t1 summarizes the baseline sample characteristics by treatment site. The CMHC area sample had a lower percentage of ethnic minority consumers. Compared with the FFS and CMHC areas, the MBHO area sample had a similar percentage of low-cost consumers but half the percentage of high-cost consumers and twice the percentage of consumers with no prior service history. Consumers from the managed care areas averaged one more month with a filled prescription than those in the FFS areas. Use of second-generation antipsychotics was more prevalent in both the managed care areas than in the FFS areas.

t2 presents the results of the regression analyses on measures of psychosocial treatment use. The first set of coefficients for CMHC and MBHO post 1 and 2 (column one) are all negative and statistically significant. These coefficients indicate the percentage reductions in the probability of use related to managed care. The second set of coefficients for these variables (column four) shows statistically significant declines in the MBHO areas. The coefficient for the MBHO variable also indicates that expenditures before managed care were slightly higher than in the other two areas.

t3 presents the results from analyses of measures of antipsychotic use. Results in the first column are from the analysis of the probability of using an antipsychotic medication. Only the CMHC post 2 coefficient is statistically significant. Overall, these results suggest that antipsychotic use increased after managed care in the CMHC areas. The same coefficients in column four do not indicate differences in average number of months with filled prescriptions attributable to managed care.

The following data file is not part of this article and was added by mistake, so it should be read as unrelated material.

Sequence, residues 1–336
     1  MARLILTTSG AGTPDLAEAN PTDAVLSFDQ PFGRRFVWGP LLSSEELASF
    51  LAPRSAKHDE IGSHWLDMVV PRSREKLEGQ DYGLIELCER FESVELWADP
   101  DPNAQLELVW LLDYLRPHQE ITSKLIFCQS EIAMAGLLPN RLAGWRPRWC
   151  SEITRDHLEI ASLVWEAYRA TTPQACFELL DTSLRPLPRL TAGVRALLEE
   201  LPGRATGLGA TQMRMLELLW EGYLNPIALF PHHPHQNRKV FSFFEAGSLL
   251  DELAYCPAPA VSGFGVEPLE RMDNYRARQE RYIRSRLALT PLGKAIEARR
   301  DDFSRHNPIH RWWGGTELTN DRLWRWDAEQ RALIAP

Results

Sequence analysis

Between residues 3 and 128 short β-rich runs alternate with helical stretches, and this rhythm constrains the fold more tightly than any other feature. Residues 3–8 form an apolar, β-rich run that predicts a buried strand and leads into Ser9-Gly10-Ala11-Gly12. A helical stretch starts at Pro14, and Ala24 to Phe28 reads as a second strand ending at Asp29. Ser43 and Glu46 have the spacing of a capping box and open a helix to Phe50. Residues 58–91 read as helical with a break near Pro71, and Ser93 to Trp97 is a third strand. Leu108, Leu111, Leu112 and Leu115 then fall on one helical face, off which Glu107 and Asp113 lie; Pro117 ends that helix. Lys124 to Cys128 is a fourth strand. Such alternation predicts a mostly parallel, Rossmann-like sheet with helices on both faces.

t3 also presents findings for second-generation antipsychotic use. Interpretation of these results is slightly more complex. First, the CMHC and MBHO coefficients measuring pre-managed care differences are positive and statistically significant. They indicate higher levels of baseline atypical antipsychotic use among the consumers in these areas. The post 1 and 2 coefficients indicate an increasing rate of atypical use in the FFS areas. The CMHC and MBHO post 1 and 2 coefficients are negative with absolute values at or below the positive post 1 and 2 coefficients. Overall, these data indicate that the (initially higher) levels of atypical use were maintained or slightly increased in the managed care areas but the FFS areas made up significant ground by the second year after managed care.

t4 presents the results of the analysis of the change scores for the BPRS schizophrenia subscale. Because the dependent variable is a change score (from the pre-managed care baseline), there are no separate variables for pre-managed care conditions by area, only the baseline score. The MBHO post 2 coefficient is negative—that is, in the direction of symptom improvement—and statistically significant.